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Court of Appeals of Texas,Houston (1st Dist.).

Diane and Lawrence FURST, Appellants, v. Millie and William SMITH, Appellees.

No. 01-03-00137-CV.

Decided: September 29, 2005

Panel consists of Chief Justice RADACK and Justices ALCALA and BLAND. Mark Alan Sanders, Law Office of Mark A. Sanders, Houston, TX, for Appellants. Miles Klaff, Brown Sims, P.C., Houston, TX, for Appellees.


 Appellants, Lawrence and Diane Furst, bring this restricted appeal pursuant to rule 30 of the Rules of Appellate Procedure to challenge a no-answer default judgment rendered against them and in favor of appellees, Millie and William Smith, pursuant to the Deceptive Trade and Consumer Protection Act (DTPA).   See Tex.R.App. P. 30.1  The trial court's final judgment awarded compensatory and punitive damages and attorney's fees and followed an interlocutory default judgment rendered on liability.   The Fursts contend that the trial court erred by rendering the default judgment because the face of the record demonstrates a lack of compliance with rules 106 and 107 of the Rules of Civil Procedure, which govern, respectively, methods and return of service of process.   See Tex.R.App. P. 106, 107.   We reverse and remand.


The Smiths' pleadings allege that they entered into an agreement with the Fursts to rent a house on Dumfries Road in Houston, Texas.   Hedley Karpas Properties, Inc.,2 served as listing agent for the transaction.   The parties' lease contemplated that the Fursts would renovate the house extensively, but the Smiths alleged that the renovations were incomplete and that the house was uninhabitable, had no electricity, had running water in one sink only, and was infested with fleas when the Smiths arrived in Houston to occupy the house.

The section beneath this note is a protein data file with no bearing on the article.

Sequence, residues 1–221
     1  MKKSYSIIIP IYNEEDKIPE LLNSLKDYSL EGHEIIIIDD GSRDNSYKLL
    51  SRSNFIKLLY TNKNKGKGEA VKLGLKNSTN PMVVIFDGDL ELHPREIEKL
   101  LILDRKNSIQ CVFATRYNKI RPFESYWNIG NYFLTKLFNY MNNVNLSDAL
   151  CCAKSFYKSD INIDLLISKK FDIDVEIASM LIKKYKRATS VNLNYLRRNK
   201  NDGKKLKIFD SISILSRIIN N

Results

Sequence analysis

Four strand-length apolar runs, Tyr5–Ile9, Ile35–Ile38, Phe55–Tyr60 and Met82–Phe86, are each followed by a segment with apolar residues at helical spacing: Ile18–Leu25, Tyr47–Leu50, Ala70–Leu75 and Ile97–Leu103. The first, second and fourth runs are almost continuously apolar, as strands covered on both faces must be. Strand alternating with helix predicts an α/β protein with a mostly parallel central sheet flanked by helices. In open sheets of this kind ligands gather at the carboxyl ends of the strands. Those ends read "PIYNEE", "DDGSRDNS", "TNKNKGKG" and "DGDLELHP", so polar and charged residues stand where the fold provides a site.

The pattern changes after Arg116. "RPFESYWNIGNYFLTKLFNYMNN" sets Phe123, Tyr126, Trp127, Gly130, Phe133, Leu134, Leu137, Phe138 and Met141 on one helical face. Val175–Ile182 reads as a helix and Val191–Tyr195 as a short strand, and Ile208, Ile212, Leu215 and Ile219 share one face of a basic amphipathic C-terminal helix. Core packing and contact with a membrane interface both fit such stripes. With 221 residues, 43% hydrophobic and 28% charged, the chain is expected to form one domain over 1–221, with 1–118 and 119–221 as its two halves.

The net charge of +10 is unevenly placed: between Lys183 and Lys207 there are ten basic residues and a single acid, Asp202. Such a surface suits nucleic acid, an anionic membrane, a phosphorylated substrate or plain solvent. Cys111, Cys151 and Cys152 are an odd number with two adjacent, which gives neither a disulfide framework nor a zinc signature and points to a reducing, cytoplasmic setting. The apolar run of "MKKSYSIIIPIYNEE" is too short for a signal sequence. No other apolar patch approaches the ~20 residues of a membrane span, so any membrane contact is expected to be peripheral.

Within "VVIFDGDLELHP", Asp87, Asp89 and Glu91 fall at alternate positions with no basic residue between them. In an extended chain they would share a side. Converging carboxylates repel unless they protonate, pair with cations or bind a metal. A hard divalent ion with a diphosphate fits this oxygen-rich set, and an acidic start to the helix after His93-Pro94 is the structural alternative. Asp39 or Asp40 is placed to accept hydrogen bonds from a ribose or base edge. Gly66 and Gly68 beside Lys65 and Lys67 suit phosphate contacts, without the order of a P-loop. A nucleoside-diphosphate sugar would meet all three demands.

Relying on the DTPA, the Smiths sued the Fursts and the Karpas agency and sought damages for advanced rent payments, for emotional injuries, and for expenses they incurred in seeking medical assistance for themselves and their pet, for fumigating their garments and household goods, for temporary housing, and for packing, moving, and storing their goods while they lived in temporary housing.   The Smiths also sought punitive damages based on claims that the Fursts acted maliciously.

The Smiths filed suit against the Fursts and the agency on September 6, 2000.   They filed their second amended petition on April 12, 2001, when they also filed a verified motion for substituted service against both defendants.   The Smiths' motion alleged that, although the Fursts were no longer residents of Texas and had moved to California, they were residents of Texas and engaged in business in Texas when the lawsuit arose and therefore had sufficient contacts with Texas based on their leasing the Dumfries house to the Smiths.   The Smiths' motion described two unsuccessful efforts to serve the Fursts, first through the Karpas agency and then at an address in Los Angeles County provided to them by the Karpas agency.   The motion then stated that Diane Furst's father, Warren S. Bloch, was “familiar with the case” and had “previously reimbursed some of the monies [owed] 3 by [the Fursts].”   In support of that claim, the Smiths' motion asserted that a letter Bloch had written “demonstrat[ed] his involvement in the case.”   The single-page transmission on which the Smiths relied had been sent by telecopier from Bloch's accounting office in Pittsburgh, Pennsylvania to the Fursts' codefendant, the Karpas real estate agency, and contained the following message:  “On behalf of Lawrence & Diane Furst, we will wire to you $4,500 as soon as possible.   This should take no more than four or five days.   Thank-you for all of your cooperation.  /s/ W.S. Bloch.”   The Smiths' motion concluded by requesting authorization to